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Branding Agricultural Commodities: The development case for adding value through branding

Chris Docherty

Report/paper, 32 pages

Agricultural commodities matter to development. Commodity products such as sugar, coffee or beef contribute to more than a quarter of GDP in developing countries, where over 1 billion farmers derive at least part of their income from them. As most of these farmers are smallholders, raising the value of commodities can do much to reduce poverty.

Unfortunately, the trend has been the opposite. Modern food chains place increasing importance on branding, distribution and services — activities ‘downstream’ of farmers’ traditional role in supplying produce to markets. As a result, primary producers of agricultural commodities have been capturing less and less of the total value of their products. At the same time, power has become concentrated in the hands of a small number of buyers — the giant supermarket chains and manufacturers who dominate the global food market.

By branding commodities, producer countries and organizations can reverse this growing imbalance. Branding creates consumer demand, giving producers leverage in negotiations with major buyers.

This paper examines the potential for branding agricultural commodities in developing countries. We look at how producers in these countries can exploit the same commercial marketing principles and supply chain innovations commonly used in the mature markets of the developed world.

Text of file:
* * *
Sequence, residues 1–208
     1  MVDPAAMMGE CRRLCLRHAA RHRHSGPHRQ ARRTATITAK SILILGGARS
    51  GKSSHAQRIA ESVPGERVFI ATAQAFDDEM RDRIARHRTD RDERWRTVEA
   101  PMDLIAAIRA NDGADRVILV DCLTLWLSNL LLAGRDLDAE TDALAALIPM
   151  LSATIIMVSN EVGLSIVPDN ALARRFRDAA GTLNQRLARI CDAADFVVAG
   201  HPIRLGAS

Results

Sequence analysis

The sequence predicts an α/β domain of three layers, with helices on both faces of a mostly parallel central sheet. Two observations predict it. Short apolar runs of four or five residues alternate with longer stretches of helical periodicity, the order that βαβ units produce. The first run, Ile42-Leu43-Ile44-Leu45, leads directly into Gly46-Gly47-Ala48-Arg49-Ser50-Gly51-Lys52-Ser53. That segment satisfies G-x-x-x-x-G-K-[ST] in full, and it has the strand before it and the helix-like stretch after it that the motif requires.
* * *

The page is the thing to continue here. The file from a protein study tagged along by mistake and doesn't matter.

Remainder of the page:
A shorter briefing paper is also available. See "additional information" for details.

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Publication information

  • IIED code: 16509IIED
  • Published: May 2012 - IIED, Sustainable Food Laboratory
  • Theme: Sustainable markets
  • Language: English

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Project information

Millions of farmers in Africa depend on export markets for their livelihoods. But recent market trends have led to declining small farmer participation. Yet, these farmers have the skill and soil to provide the high-quality products the food industry seeks. This collaborative initiative engaged with research, civil society and private sector partners to develop new business models across a variety of sectors that enable smallholders to participate in sustainable trading relationships with international businesses and thereby improve their livelihoods.

More at www.iied.org:
New business models for sustainable trade

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